Battle of Ostrołęka (1807)The Battle of Ostrołęka was fought on 16 February 1807 between a First French Empire force under General of Division Anne Jean Marie René Savary and a Russian force under Lieutenant General Ivan Essen. The French defeated the Russians and forced them to retreat to the east to Wyoki Mazowiecki. Weather conditions caused both sides to go into winter quarters immediately after the battle, which occurred during the War of the Fourth Coalition, part of the Napoleonic Wars. Ostrołęka is located in the northeast part of modern Poland, but in 1807 it belonged to the Kingdom of Prussia.
ContextSee Battle of Mohrungen and Battle of Eylau articles.
Savary was "in command of the 5th corps" "on the extreme French right" so as "to guard the approaches to Warsaw by the Narew and Bug, and to cover the right rear of the movement northwards." After the French were "driven out of Ostrów" "on the 3rd February", "Savary received orders to abandon Brok and retire upon Ostrolenka, so as to strengthen his communication with the Emperor's army." "Essen was ordered by Bennigsen to drive back Savary, who, at the same time, had made up his mind to assume the offensive." Essen, with "25,000 men, advanced to Ostrolenka on the 15th, along the two banks of the Narew." Savary "decided to hold Ostrolenka on the defensive", on the 15th February, leaving 3 brigades on the "low hills outside Ostrolenka flanked by batteries on the opposite bank, whilst he assumed the offensive on the morning of the 16th against the Russian force coming down the right bank."
CourseEarly on 16 February General of Division Honoré Théodore Maxime Gazan arrived at the vanguard with part of his division. At 9 AM he "met the enemy on the road to Nowogród" and attacked and routed them, but at the very same moment the Russians "attacked Ostrołęka by the left bank." General of Brigade François Frédéric Campana, with a brigade from Gazan's division, and General of Brigade François Amable Ruffin, with a brigade from General of Division Nicolas Charles Oudinot's division, defended the town. Savary sent General of Division Honoré Charles Reille, his chief of staff. The Russian infantry, in many columns, wished to take the city but the French let them advance halfway up the streets before charging them, leaving the "streets covered with the dead." The Russians "abandoned the town" and took up positions "behind the sand hills that covered it."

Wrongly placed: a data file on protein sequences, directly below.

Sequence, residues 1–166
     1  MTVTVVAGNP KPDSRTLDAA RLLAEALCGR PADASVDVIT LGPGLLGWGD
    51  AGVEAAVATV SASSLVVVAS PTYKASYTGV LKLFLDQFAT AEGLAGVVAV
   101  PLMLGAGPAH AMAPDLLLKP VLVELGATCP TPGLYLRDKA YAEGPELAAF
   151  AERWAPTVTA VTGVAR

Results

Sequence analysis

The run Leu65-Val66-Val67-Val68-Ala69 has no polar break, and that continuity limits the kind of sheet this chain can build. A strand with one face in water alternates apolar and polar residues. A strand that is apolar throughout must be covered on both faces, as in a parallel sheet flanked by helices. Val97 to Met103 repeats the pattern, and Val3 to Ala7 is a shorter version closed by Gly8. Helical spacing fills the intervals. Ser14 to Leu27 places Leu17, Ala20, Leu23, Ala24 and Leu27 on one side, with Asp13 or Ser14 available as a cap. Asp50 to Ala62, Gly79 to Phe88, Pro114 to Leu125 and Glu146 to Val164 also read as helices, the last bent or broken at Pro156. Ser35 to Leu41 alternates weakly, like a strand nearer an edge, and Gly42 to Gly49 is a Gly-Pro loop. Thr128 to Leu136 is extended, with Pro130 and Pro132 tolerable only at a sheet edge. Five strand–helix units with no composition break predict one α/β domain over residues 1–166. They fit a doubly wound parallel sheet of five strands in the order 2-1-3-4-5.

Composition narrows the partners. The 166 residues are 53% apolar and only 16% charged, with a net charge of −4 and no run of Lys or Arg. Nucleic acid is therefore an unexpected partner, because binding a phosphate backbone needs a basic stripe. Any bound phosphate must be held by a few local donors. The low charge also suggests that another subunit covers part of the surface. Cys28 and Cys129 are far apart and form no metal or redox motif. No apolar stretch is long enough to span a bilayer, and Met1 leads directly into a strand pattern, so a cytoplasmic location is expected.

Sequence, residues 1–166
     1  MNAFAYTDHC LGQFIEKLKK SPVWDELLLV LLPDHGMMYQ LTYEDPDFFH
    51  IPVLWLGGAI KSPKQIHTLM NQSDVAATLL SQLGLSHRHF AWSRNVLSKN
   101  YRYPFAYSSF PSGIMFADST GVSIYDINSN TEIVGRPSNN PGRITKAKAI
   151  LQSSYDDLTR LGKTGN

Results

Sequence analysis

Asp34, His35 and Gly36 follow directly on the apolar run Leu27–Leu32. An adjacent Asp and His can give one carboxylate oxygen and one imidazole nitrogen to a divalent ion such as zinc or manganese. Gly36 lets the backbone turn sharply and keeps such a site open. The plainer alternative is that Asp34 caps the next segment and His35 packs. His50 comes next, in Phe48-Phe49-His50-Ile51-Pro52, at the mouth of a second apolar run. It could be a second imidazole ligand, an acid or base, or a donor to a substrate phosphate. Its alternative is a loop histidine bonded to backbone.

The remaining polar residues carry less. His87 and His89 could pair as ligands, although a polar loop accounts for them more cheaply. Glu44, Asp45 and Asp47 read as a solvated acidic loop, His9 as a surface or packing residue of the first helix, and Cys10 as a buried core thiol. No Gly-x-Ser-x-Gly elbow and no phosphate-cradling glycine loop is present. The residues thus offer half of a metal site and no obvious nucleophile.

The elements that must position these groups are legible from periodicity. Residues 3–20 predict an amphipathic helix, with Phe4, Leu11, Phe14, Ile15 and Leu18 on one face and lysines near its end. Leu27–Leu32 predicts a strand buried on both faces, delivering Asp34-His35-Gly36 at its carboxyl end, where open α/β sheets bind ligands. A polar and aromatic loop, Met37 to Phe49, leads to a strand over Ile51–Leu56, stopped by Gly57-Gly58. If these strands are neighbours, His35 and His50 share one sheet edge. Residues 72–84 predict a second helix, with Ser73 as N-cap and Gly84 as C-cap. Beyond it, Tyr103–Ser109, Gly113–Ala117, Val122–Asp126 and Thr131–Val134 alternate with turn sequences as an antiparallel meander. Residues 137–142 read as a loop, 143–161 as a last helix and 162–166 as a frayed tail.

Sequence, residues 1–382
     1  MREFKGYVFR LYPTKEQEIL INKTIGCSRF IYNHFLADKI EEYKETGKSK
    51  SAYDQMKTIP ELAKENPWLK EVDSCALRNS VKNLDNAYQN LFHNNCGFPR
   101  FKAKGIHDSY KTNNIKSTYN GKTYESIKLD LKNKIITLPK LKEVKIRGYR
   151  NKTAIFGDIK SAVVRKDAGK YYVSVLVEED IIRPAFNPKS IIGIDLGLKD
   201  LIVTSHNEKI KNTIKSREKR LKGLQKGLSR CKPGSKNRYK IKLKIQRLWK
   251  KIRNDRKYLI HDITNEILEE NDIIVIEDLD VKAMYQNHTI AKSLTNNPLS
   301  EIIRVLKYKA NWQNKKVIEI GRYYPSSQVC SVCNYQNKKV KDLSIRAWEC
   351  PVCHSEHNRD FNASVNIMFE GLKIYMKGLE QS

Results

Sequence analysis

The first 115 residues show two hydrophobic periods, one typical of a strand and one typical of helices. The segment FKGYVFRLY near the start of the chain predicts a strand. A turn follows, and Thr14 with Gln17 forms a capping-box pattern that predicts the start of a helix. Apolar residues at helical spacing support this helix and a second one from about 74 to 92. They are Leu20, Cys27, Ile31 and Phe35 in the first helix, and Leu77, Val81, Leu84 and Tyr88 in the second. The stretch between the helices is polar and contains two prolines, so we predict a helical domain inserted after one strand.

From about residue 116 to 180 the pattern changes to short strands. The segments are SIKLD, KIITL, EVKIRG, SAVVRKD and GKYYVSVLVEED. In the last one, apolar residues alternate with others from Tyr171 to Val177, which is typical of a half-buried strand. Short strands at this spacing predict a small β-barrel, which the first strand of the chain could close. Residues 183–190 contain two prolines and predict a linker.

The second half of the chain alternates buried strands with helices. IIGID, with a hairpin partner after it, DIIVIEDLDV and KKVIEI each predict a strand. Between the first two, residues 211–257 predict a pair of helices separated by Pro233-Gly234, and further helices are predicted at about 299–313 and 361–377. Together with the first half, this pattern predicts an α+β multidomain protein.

Oudinot and General of Division Louis Gabriel Suchet and their divisions "advanced" and by midday, the "heads of their columns arrived at Ostrołęka." "Oudinot commanded the left in two lines", whilst Suchet commanded the centre and Reille, "commanding a brigade" of Gazan's division, "formed the right." He "covered himself with all his artillery and marched against the enemy." "Oudinot put himself at the head" of a successful cavalry charge, cutting the cossacks in the enemy's rearguard to pieces. The exchange of fire was "brisk", with the Russians giving "way on all sides and was followed fighting for three leagues."
ResultsThe next day the Russians were "pursued several leagues." Two Russian generals and several other Russian officers were killed and three generals wounded. The Russians left 1,200 wounded and 1,300 dead on the battlefield, with 7 cannon and two flags captured by the French. Only 60 French troops were killed, including Campana whose death was much grieved by Napoleon, with 400 to 500 wounded including Colonel Duhamel of the 21st Light Infantry Regiment and artillery Colonel Henri Marie Lenoury.
"Savary's action at Ostrolenka...had been useful in disclosing the fact the Russians were in no great strength on this side, and that Napoleon had little to fear from any attempt to strike his communications with Warsaw."
Oudinot was made a Count of the Empire and given a 'donation' of million francs. Savary received the Légion d'honneur.
Napoleon "ordered the 5th Corps to go into winter quarters" "along the right banks of the Omulew and Narew down to Sierock." "holding Ostrolenka with a detachment and repairing the bride there." The thaw was "dreadful" and the season allowed for no more campaigning – the enemy had left their winter quarters first, and "repented it."
The battle of Ostrołęka is mentioned at the galerie des batailles at Versailles and on the Arc de Triomphe and is a battle honour of several French regiments.